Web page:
David Bourget (Western Ontario)
David Chalmers (ANU, NYU)
Rafael De Clercq
Ezio Di Nucci
Jack Alan Reynolds
Learn more about PhilPapers
Journal of Ethics 11 (1):87 - 124 (2007)
In this paper I reconstruct and defend John Rawls' The Law of Peoples, including the distinction between liberal and decent peoples. A “decent people” is defined as a people who possesses a comprehensive doctrine and uses that doctrine as the ground of political legitimacy, while liberal peoples do not possess a comprehensive doctrine. I argue that liberal and decent peoples are bound by the same normative requirements with the qualification that decent peoples accept the same normative demands when they are reasonably interpreted and from their comprehensive doctrine, not from political liberalism. Normative standards for peoples appear in a law of peoples in two places: as internal constraints carried forward from political liberalism which regulate domestic affairs and as principles derived from a second original position that provide the normative ground for a society of peoples. This first source of normative standards was unfortunately obscured in Rawls' account. I use this model to defeat the claim that Rawls has accommodated decent peoples without sufficient warrant and to argue that all reasonable citizens of both liberal and decent peoples would accept the political authority of the state as legitimate. Although my reconstruction differs from Rawls on key points, such as modifying the idea of decency and rejecting a place for decent peoples within a second original position, overall I defend the theoretical completeness of political liberalism and show how a law of peoples provides reasonable principles of international justice.
|Keywords||decent peoples human rights international law John Rawls law of peoples political liberalism|
|Categories||categorize this paper)|
Setup an account with your affiliations in order to access resources via your University's proxy server
Configure custom proxy (use this if your affiliation does not provide a proxy)
|Through your library|
References found in this work BETA
No references found.
Citations of this work BETA
Blain Neufeld (2013). Liberal Foreign Policy and the Ideal of Fair Social Cooperation. Journal of Social Philosophy 44 (3):291-308.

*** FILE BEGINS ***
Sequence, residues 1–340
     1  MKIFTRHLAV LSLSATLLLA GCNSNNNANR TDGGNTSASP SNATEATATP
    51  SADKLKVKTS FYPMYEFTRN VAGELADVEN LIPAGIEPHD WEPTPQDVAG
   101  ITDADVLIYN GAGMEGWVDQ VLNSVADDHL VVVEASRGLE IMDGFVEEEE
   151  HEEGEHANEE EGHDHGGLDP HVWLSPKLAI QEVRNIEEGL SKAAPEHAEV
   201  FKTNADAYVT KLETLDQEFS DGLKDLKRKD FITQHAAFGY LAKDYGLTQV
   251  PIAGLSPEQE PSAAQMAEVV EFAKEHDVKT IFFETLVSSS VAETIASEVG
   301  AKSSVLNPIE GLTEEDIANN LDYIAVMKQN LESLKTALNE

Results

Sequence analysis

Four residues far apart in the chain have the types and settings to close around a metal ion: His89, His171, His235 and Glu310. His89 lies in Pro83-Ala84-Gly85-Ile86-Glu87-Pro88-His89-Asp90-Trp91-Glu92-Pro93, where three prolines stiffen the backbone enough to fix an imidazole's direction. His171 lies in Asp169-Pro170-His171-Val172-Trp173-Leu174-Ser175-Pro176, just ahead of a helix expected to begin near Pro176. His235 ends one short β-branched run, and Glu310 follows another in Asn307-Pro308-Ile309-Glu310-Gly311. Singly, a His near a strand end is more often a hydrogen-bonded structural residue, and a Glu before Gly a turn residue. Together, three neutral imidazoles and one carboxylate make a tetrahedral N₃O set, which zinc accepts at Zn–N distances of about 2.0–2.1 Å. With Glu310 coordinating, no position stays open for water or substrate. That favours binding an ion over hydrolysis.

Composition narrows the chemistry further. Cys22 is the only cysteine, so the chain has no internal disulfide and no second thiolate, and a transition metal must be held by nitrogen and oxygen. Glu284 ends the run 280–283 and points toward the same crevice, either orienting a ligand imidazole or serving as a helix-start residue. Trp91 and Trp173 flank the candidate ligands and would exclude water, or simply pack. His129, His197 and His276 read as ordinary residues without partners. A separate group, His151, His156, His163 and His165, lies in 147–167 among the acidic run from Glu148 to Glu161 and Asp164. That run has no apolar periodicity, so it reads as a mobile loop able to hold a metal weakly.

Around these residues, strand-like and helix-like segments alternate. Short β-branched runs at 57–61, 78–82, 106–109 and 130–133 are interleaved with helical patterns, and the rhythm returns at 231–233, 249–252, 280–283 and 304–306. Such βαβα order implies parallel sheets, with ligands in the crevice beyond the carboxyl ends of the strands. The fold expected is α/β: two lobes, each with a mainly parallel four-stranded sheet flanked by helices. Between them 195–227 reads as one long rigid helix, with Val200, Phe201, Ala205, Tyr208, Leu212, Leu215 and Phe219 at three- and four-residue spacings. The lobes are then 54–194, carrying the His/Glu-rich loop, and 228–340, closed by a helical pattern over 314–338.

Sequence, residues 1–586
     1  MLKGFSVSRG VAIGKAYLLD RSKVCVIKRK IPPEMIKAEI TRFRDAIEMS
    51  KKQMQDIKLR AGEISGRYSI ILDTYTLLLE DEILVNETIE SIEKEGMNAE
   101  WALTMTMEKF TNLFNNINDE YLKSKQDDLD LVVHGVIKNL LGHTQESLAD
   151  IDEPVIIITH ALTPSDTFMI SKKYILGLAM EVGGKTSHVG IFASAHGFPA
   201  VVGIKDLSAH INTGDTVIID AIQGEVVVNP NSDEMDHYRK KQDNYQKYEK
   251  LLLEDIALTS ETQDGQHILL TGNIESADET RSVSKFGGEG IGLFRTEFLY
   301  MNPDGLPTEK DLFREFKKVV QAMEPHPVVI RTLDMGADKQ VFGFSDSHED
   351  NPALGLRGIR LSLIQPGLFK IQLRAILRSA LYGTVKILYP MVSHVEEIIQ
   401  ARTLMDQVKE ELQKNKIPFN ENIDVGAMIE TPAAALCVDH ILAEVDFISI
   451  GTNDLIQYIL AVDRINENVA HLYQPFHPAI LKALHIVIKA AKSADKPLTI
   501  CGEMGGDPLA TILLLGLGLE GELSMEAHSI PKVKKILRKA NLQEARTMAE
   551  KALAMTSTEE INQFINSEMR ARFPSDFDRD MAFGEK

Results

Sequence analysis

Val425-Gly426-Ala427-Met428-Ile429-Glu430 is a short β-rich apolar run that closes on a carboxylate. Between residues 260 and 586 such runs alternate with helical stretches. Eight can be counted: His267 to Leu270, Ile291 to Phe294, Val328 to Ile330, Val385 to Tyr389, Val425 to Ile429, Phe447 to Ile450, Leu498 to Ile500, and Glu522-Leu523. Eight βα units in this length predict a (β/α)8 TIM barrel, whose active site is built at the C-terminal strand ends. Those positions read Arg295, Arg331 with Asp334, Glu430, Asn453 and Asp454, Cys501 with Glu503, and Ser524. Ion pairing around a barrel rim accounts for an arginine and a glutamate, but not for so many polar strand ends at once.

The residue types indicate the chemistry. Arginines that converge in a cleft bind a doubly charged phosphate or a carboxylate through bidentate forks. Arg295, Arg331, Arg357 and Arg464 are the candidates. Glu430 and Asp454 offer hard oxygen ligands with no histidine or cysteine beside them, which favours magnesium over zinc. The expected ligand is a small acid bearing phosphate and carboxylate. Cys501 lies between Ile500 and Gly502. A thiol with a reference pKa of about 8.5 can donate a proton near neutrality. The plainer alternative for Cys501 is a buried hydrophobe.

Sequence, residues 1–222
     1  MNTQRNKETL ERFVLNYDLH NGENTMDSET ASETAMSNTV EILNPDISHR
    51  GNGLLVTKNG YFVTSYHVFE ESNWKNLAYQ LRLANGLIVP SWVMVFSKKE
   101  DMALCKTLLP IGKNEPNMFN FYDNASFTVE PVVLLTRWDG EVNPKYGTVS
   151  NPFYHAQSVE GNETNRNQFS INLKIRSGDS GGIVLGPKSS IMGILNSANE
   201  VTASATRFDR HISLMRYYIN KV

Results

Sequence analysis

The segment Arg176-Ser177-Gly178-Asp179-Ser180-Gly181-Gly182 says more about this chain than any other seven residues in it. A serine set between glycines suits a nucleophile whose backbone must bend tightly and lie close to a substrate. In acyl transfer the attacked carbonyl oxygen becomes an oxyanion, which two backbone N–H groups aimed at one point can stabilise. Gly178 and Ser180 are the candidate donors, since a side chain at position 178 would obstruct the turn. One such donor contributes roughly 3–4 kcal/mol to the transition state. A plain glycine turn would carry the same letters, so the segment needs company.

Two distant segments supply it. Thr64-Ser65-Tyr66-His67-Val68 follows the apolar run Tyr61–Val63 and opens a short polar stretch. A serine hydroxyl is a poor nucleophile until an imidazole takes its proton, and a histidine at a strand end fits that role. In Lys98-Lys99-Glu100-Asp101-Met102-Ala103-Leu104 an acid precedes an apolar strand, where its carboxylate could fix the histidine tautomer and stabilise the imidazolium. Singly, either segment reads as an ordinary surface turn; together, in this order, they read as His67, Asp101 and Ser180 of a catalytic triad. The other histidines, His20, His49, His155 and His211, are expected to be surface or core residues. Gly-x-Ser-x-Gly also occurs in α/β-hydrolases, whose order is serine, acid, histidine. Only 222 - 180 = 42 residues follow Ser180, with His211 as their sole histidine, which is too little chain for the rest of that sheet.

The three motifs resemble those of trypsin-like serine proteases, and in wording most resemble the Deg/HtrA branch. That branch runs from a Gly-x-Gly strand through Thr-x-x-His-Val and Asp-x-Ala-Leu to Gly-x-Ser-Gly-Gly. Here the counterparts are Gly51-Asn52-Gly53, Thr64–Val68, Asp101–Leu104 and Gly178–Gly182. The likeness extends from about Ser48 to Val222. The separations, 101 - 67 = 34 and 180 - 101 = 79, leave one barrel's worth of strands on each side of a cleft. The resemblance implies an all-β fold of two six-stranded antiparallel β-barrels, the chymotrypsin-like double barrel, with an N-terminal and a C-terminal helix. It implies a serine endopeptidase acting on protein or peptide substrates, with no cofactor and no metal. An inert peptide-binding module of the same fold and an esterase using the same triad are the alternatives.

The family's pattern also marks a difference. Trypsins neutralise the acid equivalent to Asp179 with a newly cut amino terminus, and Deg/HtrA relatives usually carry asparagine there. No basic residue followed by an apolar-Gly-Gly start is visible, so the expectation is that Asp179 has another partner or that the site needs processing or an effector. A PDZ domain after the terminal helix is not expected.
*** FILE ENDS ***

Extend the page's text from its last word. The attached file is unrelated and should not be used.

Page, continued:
Similar books and articles
Tarek Hayfa (2004). The Idea of Public Justification in Rawls's Law of Peoples. Res Publica 10 (3):233-246.
Rex Martin & David A. Reidy (eds.) (2006). Rawls's Law of Peoples: A Realistic Utopia? Blackwell Pub..
David A. Reidy (2007). A Just Global Economy: In Defense of Rawls. [REVIEW] Journal of Ethics 11 (2):193 - 236.
Mark Rigstad (2011). Republicanism and Geopolitical Domination. Journal of Political Power 4 (2):279-300.
Blain Neufeld (2005). Civic Respect, Political Liberalism, and Non-Liberal Societies. Politics, Philosophy and Economics 4 (3):275-299.
Edmund N. Santurri (2005). Global Justice After the Fall Christian Realism and the “Law of Peoples”. Journal of Religious Ethics 33 (4):783-814.
Samuel Freeman (2006). The Law of Peoples, Social Cooperation, Human Rights, and Distributive Justice. Social Philosophy and Policy 23 (1):29-68.
Brian E. Butler (2001). There Are Peoples and There Are Peoples: A Critique of Rawls' Law of Peoples. Florida Philosophical Review 1 (2):1-24.
Walter Riker (2004). Rawls's Decent Peoples and the Democratic Peace Thesis. Social Philosophy Today 20:137-153.
T. Porter (2012). Rawls, Reasonableness, and International Toleration. Politics, Philosophy and Economics 11 (4):382-414.
Added to index2009-01-28
Total downloads86 ( #45,785 of 1,790,294 )
Recent downloads (6 months)4 ( #200,312 of 1,790,294 )
How can I increase my downloads?